Modifying old dish network dish for wifi

Hi, I am new here. I am trying to modify an old dish network dish to get better wifi reception. I gutted the reciever part of the dish, hogged it out and made room for my USB Wireless Dongle. Will this work? Will it be any better than a tin can? Do I need to paint or cover the dish with aluminum foil? Here are some pics, Thanks Greg

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gregbr549 hath wroth:

Nice idea, but I don't think it will work very well. Where to start....

No need for aluminium foil cover. There's plenty of wire mesh under the fiberglass. Or, if it's a metal dish, it will reflect 2.4GHz as well as the original 12-13GHz.

The big problem is that you don't have a feed that is matched to the dish. In transmit, the USB dongle radiates in all directions. Most of it will get reflected to who knows where by the metal horn. My guess is about 1/10th of the radiated RF actually hits the dish and goes in the desired direction. In receive, it's not so bad. The USB dongle probably gets all the RF that is reflected from the dish. However, that means you'll have more gain in receive than in transmit.

To see how this works, scan through this article on feed design.

The next problem is lack of gain. The maximum gain of a dish antenna can be calculated. Assuming you did everything perfectly, and the feed was properly matched to the dish f/D ratio, then: Maximum gain for a 0.6meter diameter dish: gain = 9.87 * Dia^2 / wavelength^2 * (feed efficiency) gain = 9.87 * 600mm^2 / 125mm^2 * 0.4 gain = 91 dBi = 10 log(91) = 19.5dBi The 40% efficiency (that's the 0.4) is probably optimistic. Again, that's if everything is lossless, perfectly matched, built correctly, and properly designed. I don't think your feed qualifies.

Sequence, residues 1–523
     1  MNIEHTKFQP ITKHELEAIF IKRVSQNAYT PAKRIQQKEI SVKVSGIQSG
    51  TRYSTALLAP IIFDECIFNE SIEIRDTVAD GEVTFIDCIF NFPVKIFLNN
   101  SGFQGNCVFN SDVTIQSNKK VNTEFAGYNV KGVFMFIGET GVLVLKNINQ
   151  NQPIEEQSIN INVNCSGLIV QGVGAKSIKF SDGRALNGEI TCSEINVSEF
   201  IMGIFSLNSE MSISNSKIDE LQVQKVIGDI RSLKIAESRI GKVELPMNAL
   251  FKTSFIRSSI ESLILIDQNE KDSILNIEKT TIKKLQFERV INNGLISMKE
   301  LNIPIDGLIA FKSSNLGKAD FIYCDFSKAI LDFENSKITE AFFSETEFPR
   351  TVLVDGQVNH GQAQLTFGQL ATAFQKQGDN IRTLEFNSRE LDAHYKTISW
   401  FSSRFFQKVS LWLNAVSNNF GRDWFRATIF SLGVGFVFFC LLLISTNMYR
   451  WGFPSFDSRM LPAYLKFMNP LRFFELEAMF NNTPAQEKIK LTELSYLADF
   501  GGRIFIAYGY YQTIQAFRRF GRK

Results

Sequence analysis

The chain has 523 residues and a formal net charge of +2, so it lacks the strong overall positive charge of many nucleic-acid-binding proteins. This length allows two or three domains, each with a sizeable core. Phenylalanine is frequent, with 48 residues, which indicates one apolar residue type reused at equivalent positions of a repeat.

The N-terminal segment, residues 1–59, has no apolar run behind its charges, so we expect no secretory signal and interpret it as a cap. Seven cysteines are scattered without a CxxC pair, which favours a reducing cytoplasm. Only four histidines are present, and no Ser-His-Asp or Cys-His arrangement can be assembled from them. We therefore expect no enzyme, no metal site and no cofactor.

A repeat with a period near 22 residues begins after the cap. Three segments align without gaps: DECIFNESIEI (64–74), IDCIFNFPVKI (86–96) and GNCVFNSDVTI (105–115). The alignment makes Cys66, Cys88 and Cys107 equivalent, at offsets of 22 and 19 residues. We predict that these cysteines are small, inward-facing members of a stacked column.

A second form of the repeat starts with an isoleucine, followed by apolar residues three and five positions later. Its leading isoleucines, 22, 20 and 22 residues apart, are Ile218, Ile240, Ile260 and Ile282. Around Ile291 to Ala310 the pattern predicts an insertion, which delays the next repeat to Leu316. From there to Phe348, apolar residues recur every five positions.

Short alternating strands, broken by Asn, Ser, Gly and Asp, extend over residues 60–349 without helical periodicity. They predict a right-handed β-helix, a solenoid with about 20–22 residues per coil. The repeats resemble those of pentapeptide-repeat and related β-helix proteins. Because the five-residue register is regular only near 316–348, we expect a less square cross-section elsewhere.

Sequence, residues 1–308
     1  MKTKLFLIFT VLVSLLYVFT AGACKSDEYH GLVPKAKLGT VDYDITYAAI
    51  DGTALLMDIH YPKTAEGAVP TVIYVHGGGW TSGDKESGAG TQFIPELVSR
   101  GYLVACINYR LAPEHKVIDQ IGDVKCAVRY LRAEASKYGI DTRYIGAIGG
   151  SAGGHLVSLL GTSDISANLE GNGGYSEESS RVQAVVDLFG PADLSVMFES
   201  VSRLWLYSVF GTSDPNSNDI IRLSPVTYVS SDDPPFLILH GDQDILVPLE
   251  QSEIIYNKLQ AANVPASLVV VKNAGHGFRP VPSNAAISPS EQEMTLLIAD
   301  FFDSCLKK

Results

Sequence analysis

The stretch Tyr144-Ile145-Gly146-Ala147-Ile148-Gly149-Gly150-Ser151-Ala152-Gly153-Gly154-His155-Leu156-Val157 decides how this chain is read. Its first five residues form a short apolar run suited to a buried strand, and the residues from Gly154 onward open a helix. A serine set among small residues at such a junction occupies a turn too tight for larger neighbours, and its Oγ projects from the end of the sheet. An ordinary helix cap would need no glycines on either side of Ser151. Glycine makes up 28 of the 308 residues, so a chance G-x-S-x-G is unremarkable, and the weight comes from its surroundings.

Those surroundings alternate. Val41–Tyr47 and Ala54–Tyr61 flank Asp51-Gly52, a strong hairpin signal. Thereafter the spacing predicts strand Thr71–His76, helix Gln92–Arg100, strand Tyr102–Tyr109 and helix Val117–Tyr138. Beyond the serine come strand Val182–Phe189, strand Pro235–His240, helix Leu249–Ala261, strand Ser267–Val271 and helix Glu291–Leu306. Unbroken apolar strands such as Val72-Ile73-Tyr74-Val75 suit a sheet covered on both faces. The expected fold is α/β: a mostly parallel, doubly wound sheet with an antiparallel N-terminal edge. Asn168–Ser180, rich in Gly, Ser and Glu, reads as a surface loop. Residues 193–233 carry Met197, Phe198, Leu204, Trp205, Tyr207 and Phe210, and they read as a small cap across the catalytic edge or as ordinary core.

Let's say that the USB dongle works as I described, where only 10% of the RF gets to the dish in transmit. 1/10th is: 10 * log(0.1) = -10dB loss So your final gain will be about: 19.5dBi -10dB = 9.5dB gain. That's not much more than a much smaller and easier to build biquad or coffee can antenna. That's also why you want to spend some time designing a proper matched feed.

I don't really agree with these, but they might be of interest.

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